UniFest opens with a show that is, canon-wise, almost the complete opposite to last night's. The problem with Pirates is that it's easy to make something that's indistinguishable from the millions of other Pirateses and thus unexciting. The Grand Duke, on the other hand, being much more rarely performed, almost guarantees by itself that the show will be unique.
And this guarantee is reflected in ticket sales. There are a few empty seats around, but not that many. I'm sure there'll be quite a variety of opinions expressed about the show - opinions seem to follow normal distribution - but this one happens to be mine. Views expressed herein are not the views of my employer, budgerigar, or pet rock.
I didn't get a programme and therefore can't run through the cast by name at this point, but perhaps I'll edit this post later and add names. One name I do know, though, and that's the Baroness, played by Krisztina Rakoczy (who is Hungarian, yet the lines in the show about a Hungarian are aimed at Julia); when the programme went to print, it was believed that she would be unable to perform, and her understudy's name went in instead.
So instead of my usual paragraph of all the principal players, I'll run through a series of scenes instead. With a cast of this size, that's probably more appropriate anyway. Before the overture was some dialogue which felt a bit clumsy and contrived, until it resolved itself into a reminder to dispose of horribly anachronistic mobile phones. The Sausage Roll song was excellent, with a goodly number of the disgusting pastries being passed around... and probably most of them left completely uneaten, though a few did get a bite taken out of them before being thrust strongly back (I guess the secret sign isn't concerned how MUCH of the roll gets 'et'). Every scene involving chaotic noise from the chorus was absolutely believable - students are experts at mucking up in class, right? And the several scenes involving the clockface - the first one was ill-lit, but after that the elevated performers were more visible. Come Bumpers was hugely fun, with the scene absolutely stolen by one somewhat inebriated member of the company and her continued inebriatory efforts. Similarly fun, the reception ceremony - jugglers, dancers, busy busy busy. But noteworthy above all of the above is the "die is cast" scene... everyone freezes but Lisa, the lights fade to just a spot on her, and time stops until the chorus response. Beautiful, so beautiful.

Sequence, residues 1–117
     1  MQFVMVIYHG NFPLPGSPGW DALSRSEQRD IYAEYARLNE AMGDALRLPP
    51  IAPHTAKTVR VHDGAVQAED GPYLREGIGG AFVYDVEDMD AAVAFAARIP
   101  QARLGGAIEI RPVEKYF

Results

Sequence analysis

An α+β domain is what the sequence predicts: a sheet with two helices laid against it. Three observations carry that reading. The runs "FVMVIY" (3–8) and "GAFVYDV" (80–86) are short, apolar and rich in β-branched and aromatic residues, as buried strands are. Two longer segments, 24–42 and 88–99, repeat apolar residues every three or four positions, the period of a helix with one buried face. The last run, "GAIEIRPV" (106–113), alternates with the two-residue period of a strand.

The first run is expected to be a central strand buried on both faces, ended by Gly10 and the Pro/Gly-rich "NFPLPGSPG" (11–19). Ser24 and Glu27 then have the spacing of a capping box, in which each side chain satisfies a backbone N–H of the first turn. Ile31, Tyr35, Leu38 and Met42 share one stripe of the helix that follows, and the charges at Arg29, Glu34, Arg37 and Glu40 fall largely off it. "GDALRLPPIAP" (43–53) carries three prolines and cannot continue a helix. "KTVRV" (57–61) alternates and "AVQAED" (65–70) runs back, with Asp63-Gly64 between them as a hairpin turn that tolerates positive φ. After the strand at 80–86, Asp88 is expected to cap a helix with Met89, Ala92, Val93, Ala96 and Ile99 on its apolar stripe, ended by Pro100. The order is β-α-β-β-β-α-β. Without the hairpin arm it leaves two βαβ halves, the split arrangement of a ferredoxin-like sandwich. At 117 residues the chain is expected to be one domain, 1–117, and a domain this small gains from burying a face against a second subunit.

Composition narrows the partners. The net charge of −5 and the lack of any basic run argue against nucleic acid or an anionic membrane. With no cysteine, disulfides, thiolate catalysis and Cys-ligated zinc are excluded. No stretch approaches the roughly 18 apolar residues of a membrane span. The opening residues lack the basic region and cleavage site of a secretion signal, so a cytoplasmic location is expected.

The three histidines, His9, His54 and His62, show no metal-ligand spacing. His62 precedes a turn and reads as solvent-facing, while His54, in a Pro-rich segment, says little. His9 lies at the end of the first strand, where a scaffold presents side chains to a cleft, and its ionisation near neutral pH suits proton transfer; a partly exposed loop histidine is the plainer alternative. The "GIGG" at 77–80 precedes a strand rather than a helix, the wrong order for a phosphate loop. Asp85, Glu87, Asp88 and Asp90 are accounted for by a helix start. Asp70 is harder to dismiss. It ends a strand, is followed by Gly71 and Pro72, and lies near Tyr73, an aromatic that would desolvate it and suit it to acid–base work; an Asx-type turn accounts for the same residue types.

I have to say, though, I didn't like the insertion of With Wily Brain into the second act. The dialogue to lead into it felt forced and artificial, and while you may complain that Gilbert wasn't at his best in Grand Duke, it's still very unusual to find rewriters who can best him. Even just trimming a few lines here and there requires a very careful and expert hand, and writing new dialogue to fit the show really demands a near-equivalent wordsmith. The same with the inserted/edited dialogue at the end of the show; nice idea, to provide a little justification for what's happening, but I'd rather see a show that leaves us wondering "So how did X and Y happen?" half an hour later than one that has you facepalming in the show itself.
But to put that in proper perspective, I did enjoy the show. The Grand Duke is not so rarely performed that even a poor production is enjoyable (as would be true of, say, The Beauty Stone); there is definitely a bar above which are "good productions worth seeing" and below which are "trash that would be better forgotten". There is no doubt (in my mind... see above, this is not my pet rock's or red-faced baboon's opinion, nor that of the Boy Scouts Association of Antarctica) that this show is clearly above that bar, and distinctly above; these performers enjoy what they're doing, and that enjoyment, coupled with skill and a great collection of voices, translates into an afternoon that I'm glad to have been at.